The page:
TheTelecomBlog.com’s Top 6 Posts for March 2013

by Jeff Wiener on April 2, 2013

1. Avaya’s Multichannel Solution Fosters Holistic Customer Service

In this world of mobile technology and social media where everything is instant and connected, customer service is no longer about solving individual problems, but about managing the entire gamut of experiences customers have when engaging one’s business.

While this whole notion of Customer Experience Management (CEM) is relatively new in the business world, companies are increasingly finding that by connecting with customers along multiple channels like social networking, mobile apps, and Web presence, they can more effectively establish long-term relationships, and it is with that goal in mind that Avaya has unveiled the latest iteration of its CEM platform.

2. Wind Mobile Reportedly Up for Sale

Just the other day, Telus argued that there is indeed competition in the Canadian wireless market, but today’s news seems to contradict that view: Wind Mobile, the first fully foreign-owned carrier, is up for auction, with the first bids to be collected today.

Considering that Wind’s parent has invested roughly $1.7 billion in its Canadian business, and this includes the $442 million paid for their AWS spectrum (Cannacord estimate), the sale price isn’t going to be small. Now add another $1.5 billion the buyer needs to invest to build its LTE network and its clear that only a handful of bidders will be left standing, three to be precise:Rogers,Belland TELUS.

3. RIP Android: Visionary Leader Rubin Leaves Android Project

Andy Rubin, the chief architect behind the dominance of Android, stepped down from the mobile OS project this month, raising questions about the future of one of the tech world’s greatest minds and the future of the Android project as a whole. The company promptly announced Rubin’s replacement, Chrome executive Sundar Pichai, with company CEO Larry Page stating in a blog post that Rubin’s expertise will be used elsewhere, hopefully with similar results.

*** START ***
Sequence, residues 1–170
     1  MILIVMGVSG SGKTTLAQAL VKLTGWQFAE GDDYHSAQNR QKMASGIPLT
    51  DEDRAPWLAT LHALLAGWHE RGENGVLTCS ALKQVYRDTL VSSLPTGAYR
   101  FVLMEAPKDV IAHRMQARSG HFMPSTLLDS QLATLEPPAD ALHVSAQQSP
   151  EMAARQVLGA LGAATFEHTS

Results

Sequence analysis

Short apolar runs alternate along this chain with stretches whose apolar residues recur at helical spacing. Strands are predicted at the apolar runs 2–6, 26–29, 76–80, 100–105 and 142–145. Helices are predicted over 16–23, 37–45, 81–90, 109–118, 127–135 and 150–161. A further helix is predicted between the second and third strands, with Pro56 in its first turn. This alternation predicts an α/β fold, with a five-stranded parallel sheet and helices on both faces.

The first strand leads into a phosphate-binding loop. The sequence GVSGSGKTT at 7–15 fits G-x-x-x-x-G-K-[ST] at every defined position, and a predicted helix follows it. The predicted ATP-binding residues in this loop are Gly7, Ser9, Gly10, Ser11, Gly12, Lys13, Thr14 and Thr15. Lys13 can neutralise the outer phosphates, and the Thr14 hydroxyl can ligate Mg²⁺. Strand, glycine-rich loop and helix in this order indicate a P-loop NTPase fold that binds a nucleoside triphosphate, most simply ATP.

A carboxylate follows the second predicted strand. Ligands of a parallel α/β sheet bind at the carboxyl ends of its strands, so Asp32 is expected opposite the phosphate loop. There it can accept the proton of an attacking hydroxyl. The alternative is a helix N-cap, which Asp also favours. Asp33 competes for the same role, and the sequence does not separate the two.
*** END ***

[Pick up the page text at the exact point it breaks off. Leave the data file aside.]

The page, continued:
But there are some that see this change in leadership as anything but a mutual break, arguing that internal tension between Android and Google’s Chrome division was the impetus for this change, and that Rubin was kindly asked to step down (i.e. fired) so that Google could resolve this conflict and create a more cohesive mobile strategy. Now the question remains, can Android survive without Rubin…does Google even want it to?

4. Nortel’s Fate to be decided in Trans-border Trial

Nortel’s demise has been anything but straightforward with investors from all over the world looking to get their worth from the company. However, a ruling made by judges from both Canada and the US will look to try and bring a final end to the company’s misfortune by announcing that the company will go through just one trial to tie up all the loose ends surrounding the bankruptcy.

The trial would look to find a way to pay all of the company’s North American creditors both withinCanadaand theUSwho had been left out of pocket since the firm’s bankruptcy started in 2009. With the trial being spread across both borders, it should hopefully settle the Nortel dispute once and for all and bring closure to the fallen Canadian telecom giant.

5. Do Hands-free Kits hamper our Driving Abilities?

Hands free kits have provided us for years with a safe and manageable way to communicate with others whilst we are on the road. However, a new study by a team of researchers inTorontohas found that the set-up could actually be a significant distraction to our driving. The results found that the hands free kits hampered our ability to make left turns on the road and still distract the mind from other important actions.

Now consider the emergence of wearable technology and one can only imagine how this coming epoch will exacerbate such risk, allowing users to circumvent the letter of such laws, yet posing a substantially greater threat to all those behind the wheel.

6. T-Mobile’s Radical “UnCarrier” Shift still Eerily Familiar

Earlier this month writers here at TheTelecomblog reported that T-Mobile had taken a radical step and finally abolished the multiyear mobile contract, pioneering a seemingly revolutionary prepaid/subsidy hybrid smartphone solution and branding itself as the “UnCarrier,” the wireless provider who does things differently than everybody else.

But before you think that T-Mobile is offering you the deal of a lifetime, finally offering top end smartphones on a prepaid “pay-as-you-go” option, the devil here is really in the details, meaning that upon closer inspection T-Mobile’s “UnCarrier” no-contract solution looks a lot like the old ball-and-chain contact that we’re used to.

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